Short stories

The Outsiders

From the balcony of her window, she could see the sad, thinking man, like her, sitting near his window, looking out into the space and cool of the night, wondering if there were more to this same-same routine he had come to call his “life”. He was not unhappy; he was by all measures what most would call a happy man, who has everything one would hope for in a suburban neighbourhood. A self-made man, he achieved career and success early in his life, with family comfort dropped on his lap a decade ago when it was deemed necessary for a man of his age and status to have a fitting wife and a tidy pack of children. He was well-liked by his colleagues as he gave a measured amount of care and concern about each of their lives, and he was held in high regard by his superiors for being neatly efficient. Alas, it seems to the outside world that the only thing he lacked was a Lassie-type hound to complete the middle class dream of white picket fences and unmessy, uncomplicated contentment.

The woman, who had been watching this man for several nights now, sensed the deep currents of unhappiness in this neat package of an executive. She had seen his eyes furrow when they wandered into a destination somewhere far away from where he now was and although she was too far to see, she imagined that she caught glimpses of tears as whatever he was thinking of was too impossible to attain. Every day at midnight, he would pour himself a glass of Scotch on the rocks, drink a sip of it, lay a coaster neatly for fear of spoiling the wood of his side table, then lay the glass calmly on the coaster, before raising the glass again to drink more of it. Was it just to numb his senses to the daily act he had to perform? Or, was it to intoxicate himself so that he could arrive at that place where he so yearned to be? The woman, who escapes to her window to catch a breath in the starlight, amused herself by thinking that this man knew the secret destination of where they both wanted to be.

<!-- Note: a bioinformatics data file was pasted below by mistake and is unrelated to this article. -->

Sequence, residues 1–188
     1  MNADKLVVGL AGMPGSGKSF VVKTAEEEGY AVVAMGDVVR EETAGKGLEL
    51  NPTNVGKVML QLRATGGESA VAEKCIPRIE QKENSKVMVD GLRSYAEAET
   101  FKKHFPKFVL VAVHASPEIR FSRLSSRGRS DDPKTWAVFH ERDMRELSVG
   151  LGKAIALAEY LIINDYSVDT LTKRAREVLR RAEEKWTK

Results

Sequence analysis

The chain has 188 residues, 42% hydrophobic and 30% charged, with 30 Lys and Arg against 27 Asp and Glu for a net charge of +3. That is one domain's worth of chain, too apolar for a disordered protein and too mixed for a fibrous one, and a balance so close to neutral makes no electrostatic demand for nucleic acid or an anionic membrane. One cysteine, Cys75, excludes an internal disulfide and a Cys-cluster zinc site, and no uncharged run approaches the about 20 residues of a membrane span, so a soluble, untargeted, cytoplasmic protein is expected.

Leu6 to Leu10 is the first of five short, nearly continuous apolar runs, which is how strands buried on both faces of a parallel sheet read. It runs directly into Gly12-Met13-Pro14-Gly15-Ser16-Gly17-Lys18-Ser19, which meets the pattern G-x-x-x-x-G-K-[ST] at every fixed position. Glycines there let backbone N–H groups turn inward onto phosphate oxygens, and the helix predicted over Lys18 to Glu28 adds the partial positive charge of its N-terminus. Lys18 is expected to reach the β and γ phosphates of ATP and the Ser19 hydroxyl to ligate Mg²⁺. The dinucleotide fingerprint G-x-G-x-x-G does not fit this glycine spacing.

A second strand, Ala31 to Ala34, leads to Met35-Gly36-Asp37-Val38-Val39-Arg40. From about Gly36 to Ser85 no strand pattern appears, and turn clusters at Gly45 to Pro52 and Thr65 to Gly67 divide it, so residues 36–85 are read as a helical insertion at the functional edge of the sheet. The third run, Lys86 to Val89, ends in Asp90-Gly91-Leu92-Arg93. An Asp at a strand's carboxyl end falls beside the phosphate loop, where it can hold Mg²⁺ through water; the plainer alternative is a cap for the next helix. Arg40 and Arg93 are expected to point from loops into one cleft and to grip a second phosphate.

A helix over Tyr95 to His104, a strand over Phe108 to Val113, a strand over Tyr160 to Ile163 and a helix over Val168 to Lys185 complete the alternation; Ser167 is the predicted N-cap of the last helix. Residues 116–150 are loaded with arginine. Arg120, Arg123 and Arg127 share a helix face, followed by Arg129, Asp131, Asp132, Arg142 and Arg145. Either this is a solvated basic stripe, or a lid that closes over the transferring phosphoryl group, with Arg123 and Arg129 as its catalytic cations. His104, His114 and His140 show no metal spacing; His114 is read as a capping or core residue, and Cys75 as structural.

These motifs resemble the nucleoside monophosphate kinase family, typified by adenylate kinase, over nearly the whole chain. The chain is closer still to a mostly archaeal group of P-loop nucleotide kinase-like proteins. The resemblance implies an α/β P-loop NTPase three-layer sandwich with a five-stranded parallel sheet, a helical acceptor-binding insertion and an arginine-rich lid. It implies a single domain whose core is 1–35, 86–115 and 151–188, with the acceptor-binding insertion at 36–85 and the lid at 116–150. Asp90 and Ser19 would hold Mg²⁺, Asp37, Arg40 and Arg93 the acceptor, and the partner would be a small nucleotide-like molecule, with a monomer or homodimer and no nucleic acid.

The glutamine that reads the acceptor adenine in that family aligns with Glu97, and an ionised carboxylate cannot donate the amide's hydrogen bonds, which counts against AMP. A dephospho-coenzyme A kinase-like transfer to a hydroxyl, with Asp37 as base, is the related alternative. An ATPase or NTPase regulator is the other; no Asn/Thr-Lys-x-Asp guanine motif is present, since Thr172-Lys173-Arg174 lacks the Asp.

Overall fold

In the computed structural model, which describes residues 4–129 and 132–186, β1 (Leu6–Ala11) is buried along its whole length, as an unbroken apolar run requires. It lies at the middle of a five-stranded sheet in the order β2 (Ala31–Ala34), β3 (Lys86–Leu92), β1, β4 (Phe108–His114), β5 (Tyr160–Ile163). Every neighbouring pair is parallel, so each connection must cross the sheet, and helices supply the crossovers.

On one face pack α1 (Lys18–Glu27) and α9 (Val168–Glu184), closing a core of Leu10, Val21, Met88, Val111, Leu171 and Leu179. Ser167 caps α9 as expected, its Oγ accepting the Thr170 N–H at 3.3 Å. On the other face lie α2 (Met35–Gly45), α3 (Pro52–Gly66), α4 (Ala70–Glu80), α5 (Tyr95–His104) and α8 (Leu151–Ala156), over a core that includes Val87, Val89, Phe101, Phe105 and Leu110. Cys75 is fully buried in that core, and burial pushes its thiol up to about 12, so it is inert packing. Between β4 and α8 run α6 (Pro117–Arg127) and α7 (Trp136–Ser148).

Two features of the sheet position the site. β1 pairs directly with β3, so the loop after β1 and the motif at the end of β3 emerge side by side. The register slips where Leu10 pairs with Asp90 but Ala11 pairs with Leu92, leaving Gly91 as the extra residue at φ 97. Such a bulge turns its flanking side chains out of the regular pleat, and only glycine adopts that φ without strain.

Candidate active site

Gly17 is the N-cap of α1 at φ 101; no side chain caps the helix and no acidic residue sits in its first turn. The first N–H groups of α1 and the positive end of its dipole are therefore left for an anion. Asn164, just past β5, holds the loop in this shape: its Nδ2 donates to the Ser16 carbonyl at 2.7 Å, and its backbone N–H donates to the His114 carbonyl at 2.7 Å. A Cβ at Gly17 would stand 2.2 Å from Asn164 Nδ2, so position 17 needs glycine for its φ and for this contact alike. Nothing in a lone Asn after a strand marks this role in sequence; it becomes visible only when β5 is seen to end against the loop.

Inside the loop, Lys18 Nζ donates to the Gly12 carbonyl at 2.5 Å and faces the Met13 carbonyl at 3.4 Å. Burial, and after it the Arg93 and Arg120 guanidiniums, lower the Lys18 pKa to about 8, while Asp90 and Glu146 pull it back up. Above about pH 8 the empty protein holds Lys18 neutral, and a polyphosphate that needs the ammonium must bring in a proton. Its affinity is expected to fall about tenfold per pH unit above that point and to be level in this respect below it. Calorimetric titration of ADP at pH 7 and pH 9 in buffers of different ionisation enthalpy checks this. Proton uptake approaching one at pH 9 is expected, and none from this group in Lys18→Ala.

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Oh, Happy Pain

Artwork by Miss E,
a good friend

When I awoke at morning,
I felt my skin cracking,
‘n my heart burning,
my head exploding,
my soul bawling,
my legs melting,
my eyes raining,
my lips bleeding,
my face swelling,
my ears splitting,
my cries deafening,
and my hands awanting.

Truckling down to ennui-knees,
mirrors sliced my humanities,
I put up with my indignities,
I grasped at my sanities,
I fought my absurdities,
I resisted my Tofranils,
I licked all my injuries,
I snorted your decries,
I puffed idiosyncrasies,
I tipsy, dallied with deities,
I ran, and sang as remedies,
I lay happy, soaked of Chiantis.